SA: So there are gender biases that seem to operate within families as well as in hospitals and out of them. In an online article, you pointed out that after discharge from hospital, the response towards a ‘recovered’ woman is very different from the response towards a ‘recovered’ man. Tell us more about the different kinds of biases you see operating.

RR: The first thing that happens is that a lakshman-rekha is put around a woman, featuring a list of conditions and don’ts. There is a lot of protectionism surrounding women in all realms of life. I don’t have to tell you that these protectionist measures are set by patriarchy – an insatiable need to control a woman lest she goes ‘astray’. Expression is not allowed, be it sexual or otherwise. I work with resource-poor people, a cast-aside, marginalised constituency. They have conditions set upon them at every step of the way. It’s important to understand what a vicious loop this can become, and how it can get internalised. Often, successful recovery and playing their ascribed societal role is maintained by concealing their previous diagnosis/condition. There are also very fundamental differences in quality of life for men and women, and how they are looked at upon their discharge from hospital straight away reflects and determines their quality of life. When I say quality of life, I do not mean happiness, because people confuse the two and use it interchangeably. But quality of life is more than that, especially for people with psychosocial disability – because in such cases people became socially isolated. One indicator of quality of life is how you are negotiating social spaces – friends, family, neighbourhood, and work spaces. This is largely missing in the lives of women after they have been discharged. They are looked at with pity, as if letting them come back home is an act of charity. How will they negotiate after this?

Secondly, there is the whole question of autonomy. The women’s movement teaches us that autonomy is the main goal – but for women with psychosocial disability, autonomy is a progressive goal, on a continuum. For men it is completely different.  When they have recovered – they are allowed to go out of the house, allowed to live on their own terms. Nobody questions their behaviour or looks at them suspiciously for the slightest hint of a symptom.  They needn’t always be accountable, or inform anyone about where they are going. Even if they have gone out and visited a sex worker, it will never be questioned. But for a woman to go out of the house and even talk to men, she will be looked upon as being of ‘bad’ character– an immoral woman! In Purulia (underdeveloped, deprived, almost barren, with severe hot weather, a district tucked away in a western corner of Bengal) where we are working on a new program – one of the families of a participant spoke of how they cannot bring her back home because she loiters, meets men, and drinks. When asked why they equate this with ‘mental illness’, their reply is that drinking is not culturally acceptable in their society and she should know better – reiterating the moral value that a woman should uphold. This is where we need to challenge the notion of respectability around sexuality. There cannot be a hypocritical binary around respectable and disrespectable sexuality.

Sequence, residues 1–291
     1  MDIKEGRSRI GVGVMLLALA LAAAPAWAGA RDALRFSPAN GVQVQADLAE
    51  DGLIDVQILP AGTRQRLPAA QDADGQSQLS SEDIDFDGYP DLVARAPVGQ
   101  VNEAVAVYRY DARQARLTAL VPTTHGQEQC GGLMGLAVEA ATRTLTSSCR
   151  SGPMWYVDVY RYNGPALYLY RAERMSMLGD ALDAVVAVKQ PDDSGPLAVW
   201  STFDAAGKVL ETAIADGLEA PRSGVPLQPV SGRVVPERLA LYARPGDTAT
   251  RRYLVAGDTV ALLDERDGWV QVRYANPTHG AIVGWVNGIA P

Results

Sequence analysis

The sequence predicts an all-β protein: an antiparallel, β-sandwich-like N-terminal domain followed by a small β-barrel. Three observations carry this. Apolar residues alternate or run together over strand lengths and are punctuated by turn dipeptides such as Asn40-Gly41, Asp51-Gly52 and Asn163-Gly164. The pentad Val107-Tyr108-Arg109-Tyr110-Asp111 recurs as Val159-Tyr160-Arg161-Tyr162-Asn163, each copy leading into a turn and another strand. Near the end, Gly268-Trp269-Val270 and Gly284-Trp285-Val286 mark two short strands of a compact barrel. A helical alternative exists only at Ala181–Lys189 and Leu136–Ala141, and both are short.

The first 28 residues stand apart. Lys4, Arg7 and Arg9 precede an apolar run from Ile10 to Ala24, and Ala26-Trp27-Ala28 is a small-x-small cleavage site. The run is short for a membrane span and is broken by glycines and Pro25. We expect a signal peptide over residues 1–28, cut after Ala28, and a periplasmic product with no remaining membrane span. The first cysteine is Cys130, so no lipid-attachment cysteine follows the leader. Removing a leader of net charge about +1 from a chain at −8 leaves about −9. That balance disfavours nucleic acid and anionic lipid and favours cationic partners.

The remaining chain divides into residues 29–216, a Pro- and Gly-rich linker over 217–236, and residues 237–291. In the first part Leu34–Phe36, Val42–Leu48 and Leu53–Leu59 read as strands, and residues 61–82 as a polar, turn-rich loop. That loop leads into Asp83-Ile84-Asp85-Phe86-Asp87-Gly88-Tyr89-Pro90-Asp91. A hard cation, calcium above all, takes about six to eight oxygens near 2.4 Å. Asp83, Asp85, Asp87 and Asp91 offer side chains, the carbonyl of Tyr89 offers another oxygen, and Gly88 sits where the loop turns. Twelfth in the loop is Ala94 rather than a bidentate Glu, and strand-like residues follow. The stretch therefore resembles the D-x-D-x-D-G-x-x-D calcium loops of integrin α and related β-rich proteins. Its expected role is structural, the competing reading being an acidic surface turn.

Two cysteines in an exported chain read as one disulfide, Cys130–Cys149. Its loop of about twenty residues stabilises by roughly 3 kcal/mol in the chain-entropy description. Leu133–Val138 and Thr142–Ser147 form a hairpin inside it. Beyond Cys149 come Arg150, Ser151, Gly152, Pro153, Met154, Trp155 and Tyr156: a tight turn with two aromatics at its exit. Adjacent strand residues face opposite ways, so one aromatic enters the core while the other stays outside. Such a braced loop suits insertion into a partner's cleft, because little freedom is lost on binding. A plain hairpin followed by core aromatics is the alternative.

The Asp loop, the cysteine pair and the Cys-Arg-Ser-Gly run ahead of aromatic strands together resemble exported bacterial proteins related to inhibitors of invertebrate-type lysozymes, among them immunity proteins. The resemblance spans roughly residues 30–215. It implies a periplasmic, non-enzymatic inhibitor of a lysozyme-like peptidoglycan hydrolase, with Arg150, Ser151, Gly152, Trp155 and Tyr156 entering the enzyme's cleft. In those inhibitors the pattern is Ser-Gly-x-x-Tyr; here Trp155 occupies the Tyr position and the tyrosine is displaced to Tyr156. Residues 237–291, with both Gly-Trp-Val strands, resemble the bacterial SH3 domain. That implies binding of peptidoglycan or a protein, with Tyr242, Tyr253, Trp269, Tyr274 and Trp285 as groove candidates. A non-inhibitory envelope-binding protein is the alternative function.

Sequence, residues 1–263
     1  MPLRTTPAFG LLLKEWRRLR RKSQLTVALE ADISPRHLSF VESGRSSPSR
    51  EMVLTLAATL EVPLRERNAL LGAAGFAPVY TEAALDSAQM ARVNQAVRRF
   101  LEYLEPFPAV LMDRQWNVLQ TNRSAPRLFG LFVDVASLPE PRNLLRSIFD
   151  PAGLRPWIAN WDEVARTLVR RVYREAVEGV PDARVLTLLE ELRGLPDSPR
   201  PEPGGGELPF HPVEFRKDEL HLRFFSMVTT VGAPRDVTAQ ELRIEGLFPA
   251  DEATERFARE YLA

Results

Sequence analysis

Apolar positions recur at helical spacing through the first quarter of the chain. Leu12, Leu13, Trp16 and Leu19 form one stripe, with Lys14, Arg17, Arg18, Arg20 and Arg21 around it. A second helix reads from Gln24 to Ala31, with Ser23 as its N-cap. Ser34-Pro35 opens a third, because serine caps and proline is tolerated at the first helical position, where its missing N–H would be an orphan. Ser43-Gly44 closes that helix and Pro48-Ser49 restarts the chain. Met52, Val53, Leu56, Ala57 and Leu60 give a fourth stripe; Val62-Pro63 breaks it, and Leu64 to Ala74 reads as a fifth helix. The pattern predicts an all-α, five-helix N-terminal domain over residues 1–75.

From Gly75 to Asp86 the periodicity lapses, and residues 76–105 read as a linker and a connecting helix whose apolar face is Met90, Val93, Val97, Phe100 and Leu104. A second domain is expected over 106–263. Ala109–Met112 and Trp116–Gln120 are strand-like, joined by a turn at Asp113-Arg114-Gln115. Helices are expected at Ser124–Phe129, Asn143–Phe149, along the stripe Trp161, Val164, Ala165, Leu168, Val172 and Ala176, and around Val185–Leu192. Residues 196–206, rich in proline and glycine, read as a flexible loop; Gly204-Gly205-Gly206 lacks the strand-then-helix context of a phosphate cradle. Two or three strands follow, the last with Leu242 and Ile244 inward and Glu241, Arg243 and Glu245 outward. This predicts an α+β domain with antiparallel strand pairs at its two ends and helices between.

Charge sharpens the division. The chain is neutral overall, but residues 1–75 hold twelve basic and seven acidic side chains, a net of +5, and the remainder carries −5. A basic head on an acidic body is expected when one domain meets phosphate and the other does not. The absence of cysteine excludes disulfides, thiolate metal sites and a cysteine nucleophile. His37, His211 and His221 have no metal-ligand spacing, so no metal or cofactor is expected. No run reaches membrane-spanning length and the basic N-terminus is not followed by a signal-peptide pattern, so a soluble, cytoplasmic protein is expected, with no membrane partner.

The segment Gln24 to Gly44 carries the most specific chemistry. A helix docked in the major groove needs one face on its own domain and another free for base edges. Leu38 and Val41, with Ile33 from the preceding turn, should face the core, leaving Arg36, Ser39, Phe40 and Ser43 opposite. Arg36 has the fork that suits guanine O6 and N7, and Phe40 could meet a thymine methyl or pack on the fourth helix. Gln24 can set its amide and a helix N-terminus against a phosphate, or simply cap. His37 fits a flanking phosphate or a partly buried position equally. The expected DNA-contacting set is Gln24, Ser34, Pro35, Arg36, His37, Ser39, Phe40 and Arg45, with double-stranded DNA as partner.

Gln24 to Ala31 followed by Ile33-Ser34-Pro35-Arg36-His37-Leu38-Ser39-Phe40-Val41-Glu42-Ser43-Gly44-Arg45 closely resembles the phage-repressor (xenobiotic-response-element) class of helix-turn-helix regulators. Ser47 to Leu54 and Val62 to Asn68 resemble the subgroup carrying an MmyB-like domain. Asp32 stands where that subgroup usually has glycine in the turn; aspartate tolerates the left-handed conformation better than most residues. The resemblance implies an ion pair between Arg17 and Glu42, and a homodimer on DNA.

SA: The hypocrisy emerges in this difference of approach based on gender. Are there non-medical, psychosocial roots to a lack of wellbeing that have to do with gender and that may have a cause-effect relationship with mental health? Where and how would you suggest opening up this conversation about mental health, wellbeing and gender across larger sections of society?

RR: I feel we must start having these conversations at home. That can make a whole lot of difference. And I don’t just mean parents having it with children, it can and should be the other way round too. As long as there is scope for healthy dialogue. Even children can raise these questions and should have a safe space to raise question. Breaking our construction of ‘the child’ is important.  – we need to question our own ideas about what we think childhood is and how we have socially made up the idea of ‘the child’. Innocence is not in conflict with knowledge about and experience in sexuality.

As activists and development professionals we must inculcate the significance of wellbeing into our work spaces, and keep reinforcing it with the people we work with, their families, the communities they live in, and make sure all these people are having these conversations with each other. We have to encourage spaces where women feel safe to talk, to share, and feel empowered. I mean spaces within the family. It could be cousins, a conversation with an aunt –anyone of a similar mindset. We have to deliberately, intentionally create these spaces within families, in offices, in organisations, in communities. Is it laziness that we do not work enough to create these relationships /support spaces? I don’t know.

We need to use an intersectional approach in our work on gender, sexuality and mental health. We need to substantiate the impact on mental health whether we are working with gender or with sexuality. This will bring out the ordinariness of mental health issues without pathologising them. We do not want mental health to be medicalised. I mean, everyday struggle or distress cannot be pathologised, and if they are, then stigma and discrimination will remain pervasive. Getting rid of fears, prejudices and stigma around mental health is crucial. This conversation cannot be limited to women only, otherwise they will go back home and face the same hurdles over and over. That is why community intervention is the need of the hour.

While we talk about intersectionalities, we must never forget sexuality, in all its facets. Sexuality is an important part of being human. I must add here that sexuality can be manifold. It really depends on the individual. Since we are trying to move away from heteronormative definitions of sexuality, the onus is on us to have conversations and action plans around other forms of sexuality and not impose our value judgements on the people we work with.